From the Orange Prize-winning author of ‘Half of a Yellow Sun’ come twelve dazzling stories that turn a penetrating eye on the ties that bind men and women, parents and children, Nigeria and the West.
In ‘A Private Experience’, a medical student hides from a violent riot with a poor Muslim woman whose dignity and faith force her to confront the realities and fears she’s been pushing away.
In ‘Tomorrow Is Too Far’, a woman unlocks the devastating secret that surrounds her brother’s death.
The young mother at the centre of ‘Imitation’ finds her comfortable life threatened when she learns that her husband back in Lagos has moved his mistress into their home.
And the title story depicts the choking loneliness of a Nigerian girl who moves to an America that turns out to be nothing like the country she expected; though falling in love brings her desires nearly within reach, a death in her homeland forces her to re-examine them.
Searing and profound, suffused with beauty, sorrow and longing, this collection is a resounding confirmation of Chimamanda Ngozi Adichie’s prodigious storytelling powers.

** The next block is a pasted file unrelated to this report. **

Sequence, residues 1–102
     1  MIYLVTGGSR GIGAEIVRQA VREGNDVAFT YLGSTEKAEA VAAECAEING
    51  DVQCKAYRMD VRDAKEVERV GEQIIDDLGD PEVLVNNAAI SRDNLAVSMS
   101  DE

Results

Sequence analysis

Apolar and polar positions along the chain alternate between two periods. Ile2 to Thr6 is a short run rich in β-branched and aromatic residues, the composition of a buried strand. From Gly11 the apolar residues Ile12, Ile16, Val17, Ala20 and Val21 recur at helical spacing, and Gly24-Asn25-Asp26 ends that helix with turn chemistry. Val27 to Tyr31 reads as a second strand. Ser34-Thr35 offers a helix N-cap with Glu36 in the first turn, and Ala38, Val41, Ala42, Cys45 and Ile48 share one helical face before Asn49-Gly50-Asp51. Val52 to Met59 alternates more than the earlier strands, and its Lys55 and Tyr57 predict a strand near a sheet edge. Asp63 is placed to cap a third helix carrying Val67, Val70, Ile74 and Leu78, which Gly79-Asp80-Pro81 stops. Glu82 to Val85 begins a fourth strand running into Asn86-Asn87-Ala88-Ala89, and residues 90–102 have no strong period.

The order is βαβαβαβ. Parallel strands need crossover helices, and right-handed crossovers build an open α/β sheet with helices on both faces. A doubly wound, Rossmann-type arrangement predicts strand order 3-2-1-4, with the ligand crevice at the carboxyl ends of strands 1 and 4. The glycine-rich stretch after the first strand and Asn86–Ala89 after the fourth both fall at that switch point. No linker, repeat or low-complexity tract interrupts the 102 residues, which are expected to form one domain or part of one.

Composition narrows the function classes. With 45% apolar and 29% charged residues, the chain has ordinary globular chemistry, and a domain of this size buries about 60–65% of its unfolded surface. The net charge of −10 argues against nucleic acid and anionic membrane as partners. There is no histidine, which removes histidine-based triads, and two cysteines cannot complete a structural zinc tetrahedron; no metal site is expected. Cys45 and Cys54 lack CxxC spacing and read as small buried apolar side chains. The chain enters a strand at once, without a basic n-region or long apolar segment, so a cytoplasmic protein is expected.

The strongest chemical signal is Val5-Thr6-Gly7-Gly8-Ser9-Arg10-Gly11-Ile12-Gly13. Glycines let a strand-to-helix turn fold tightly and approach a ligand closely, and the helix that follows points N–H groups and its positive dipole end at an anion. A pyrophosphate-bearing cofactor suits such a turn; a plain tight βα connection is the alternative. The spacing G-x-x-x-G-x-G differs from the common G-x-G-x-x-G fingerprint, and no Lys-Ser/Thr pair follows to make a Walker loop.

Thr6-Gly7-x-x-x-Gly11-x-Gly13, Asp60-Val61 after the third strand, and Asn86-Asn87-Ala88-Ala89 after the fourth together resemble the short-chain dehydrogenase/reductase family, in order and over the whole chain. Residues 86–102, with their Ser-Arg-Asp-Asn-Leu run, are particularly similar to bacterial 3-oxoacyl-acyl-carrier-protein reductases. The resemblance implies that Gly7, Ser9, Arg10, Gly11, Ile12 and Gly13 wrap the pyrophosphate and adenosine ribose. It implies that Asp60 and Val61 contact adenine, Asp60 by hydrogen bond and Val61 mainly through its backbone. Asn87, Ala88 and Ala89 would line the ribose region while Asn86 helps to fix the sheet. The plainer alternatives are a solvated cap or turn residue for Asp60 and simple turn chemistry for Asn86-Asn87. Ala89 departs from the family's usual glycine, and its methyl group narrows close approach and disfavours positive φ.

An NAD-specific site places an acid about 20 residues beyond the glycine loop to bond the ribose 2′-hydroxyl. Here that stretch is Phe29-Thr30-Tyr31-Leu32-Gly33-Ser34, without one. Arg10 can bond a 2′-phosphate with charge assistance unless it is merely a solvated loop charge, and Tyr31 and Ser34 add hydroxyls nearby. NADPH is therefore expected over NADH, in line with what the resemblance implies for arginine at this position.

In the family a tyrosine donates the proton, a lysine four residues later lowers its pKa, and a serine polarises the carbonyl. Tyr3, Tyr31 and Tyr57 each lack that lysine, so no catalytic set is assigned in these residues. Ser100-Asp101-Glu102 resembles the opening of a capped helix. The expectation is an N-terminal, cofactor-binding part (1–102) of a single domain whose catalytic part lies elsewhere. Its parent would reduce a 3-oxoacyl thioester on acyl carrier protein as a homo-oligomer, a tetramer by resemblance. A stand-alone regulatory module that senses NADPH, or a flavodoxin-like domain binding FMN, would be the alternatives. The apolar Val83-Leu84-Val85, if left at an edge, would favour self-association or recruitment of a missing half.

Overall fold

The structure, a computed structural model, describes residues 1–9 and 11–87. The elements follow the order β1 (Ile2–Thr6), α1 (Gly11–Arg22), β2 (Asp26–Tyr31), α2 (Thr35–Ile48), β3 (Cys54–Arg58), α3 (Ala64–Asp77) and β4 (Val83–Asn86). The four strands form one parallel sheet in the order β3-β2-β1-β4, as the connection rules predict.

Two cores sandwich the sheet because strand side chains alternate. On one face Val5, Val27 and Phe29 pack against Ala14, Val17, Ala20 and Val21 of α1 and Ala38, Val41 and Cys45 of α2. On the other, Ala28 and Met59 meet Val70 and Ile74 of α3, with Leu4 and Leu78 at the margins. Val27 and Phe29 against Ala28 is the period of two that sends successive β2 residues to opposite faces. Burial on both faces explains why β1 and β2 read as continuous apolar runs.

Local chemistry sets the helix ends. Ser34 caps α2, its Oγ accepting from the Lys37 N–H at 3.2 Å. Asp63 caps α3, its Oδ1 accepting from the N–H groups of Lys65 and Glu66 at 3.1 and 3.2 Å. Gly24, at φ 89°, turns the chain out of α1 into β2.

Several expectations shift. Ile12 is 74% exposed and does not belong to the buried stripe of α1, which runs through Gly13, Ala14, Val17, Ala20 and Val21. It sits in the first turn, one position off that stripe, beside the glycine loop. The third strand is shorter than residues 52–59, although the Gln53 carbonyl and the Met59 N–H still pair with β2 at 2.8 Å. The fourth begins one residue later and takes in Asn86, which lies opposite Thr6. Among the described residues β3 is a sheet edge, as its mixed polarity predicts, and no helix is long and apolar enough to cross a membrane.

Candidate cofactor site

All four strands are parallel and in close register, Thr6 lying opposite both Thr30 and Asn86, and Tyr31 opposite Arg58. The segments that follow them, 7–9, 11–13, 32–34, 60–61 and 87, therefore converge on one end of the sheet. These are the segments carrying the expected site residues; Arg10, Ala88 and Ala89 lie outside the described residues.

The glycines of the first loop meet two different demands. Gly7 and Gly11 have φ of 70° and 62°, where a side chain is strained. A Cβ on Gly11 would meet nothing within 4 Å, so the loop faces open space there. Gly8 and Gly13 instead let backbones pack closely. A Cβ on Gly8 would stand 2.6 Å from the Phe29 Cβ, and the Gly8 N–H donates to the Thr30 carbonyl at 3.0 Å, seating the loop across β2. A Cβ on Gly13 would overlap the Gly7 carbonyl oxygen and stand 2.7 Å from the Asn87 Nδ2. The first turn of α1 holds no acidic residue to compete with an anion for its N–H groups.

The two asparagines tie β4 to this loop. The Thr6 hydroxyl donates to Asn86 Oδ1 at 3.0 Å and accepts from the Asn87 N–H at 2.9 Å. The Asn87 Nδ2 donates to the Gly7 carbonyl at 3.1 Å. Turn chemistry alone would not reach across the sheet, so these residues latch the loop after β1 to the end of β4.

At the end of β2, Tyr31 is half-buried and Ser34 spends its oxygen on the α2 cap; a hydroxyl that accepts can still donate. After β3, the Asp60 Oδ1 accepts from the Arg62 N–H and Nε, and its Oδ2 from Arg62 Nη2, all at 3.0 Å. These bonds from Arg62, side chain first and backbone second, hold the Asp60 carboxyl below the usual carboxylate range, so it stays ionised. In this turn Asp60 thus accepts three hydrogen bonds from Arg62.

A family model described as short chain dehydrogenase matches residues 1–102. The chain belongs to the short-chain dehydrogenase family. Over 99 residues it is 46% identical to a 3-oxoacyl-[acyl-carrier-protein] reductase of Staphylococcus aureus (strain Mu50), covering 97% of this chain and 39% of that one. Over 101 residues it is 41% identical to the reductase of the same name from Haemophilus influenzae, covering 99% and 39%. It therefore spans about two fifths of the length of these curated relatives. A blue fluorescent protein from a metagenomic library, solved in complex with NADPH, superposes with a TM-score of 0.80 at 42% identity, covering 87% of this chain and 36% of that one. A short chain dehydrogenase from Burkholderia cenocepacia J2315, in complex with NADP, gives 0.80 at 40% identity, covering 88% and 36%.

About the author
Chimamanda Ngozi Adichie was born in Nigeria in 1977. Her first novel ‘Purple Hibiscus’ was published in 2003 and was longlisted for the Booker Prize. Her second novel ‘Half of a Yellow Sun’ won the 2007 Orange Prize for Fiction. Her short story collection, ‘The Thing Around Your Neck’, was published to critical acclaim in 2009. Her work has been selected by the Commonwealth Broadcasting Association and the BBC Short Story Awards, has appeared in various literary publications, including Zoetrope and The Iowa Review. She won a MacArthur ‘genius’ grant in 2009, and in 2010 appeared on the New Yorker’s list of the best 20 writers under 40. Her third novel, ‘Americanah’, was published to widespread critical acclaim in 2013. She lives in Nigeria.
- ‘“The Thing Around your Neck”, with its warm and sympathetic heroines and its finely cadenced un-American English prose, demonstrates that she is keeping faith with her talent and with her country.’ Lindsay Duguid, Sunday Times
- ‘Her particular gift is the seductive ability to tell a story…Adichie writes with an economy and precision that makes the strange seem familiar. She makes storytelling seem as easy as birdsong.’ Jane Shilling, Telegraph
- ‘Adichie’s spare, poised prose, the coolness of her phrasing, ensures these scenes are achieved without melodrama. And though she writes very specifically about Nigeria, the stories have a universal application.’ FT
- ‘An elegant collection. From beginning to end the prose is serene and the characterization deft.’ TLS
- ‘The powerful themes close to Adichie’s heart shine through, but never over-shadow writing of clarity and brilliance.’ Aminatta Forna, Guardian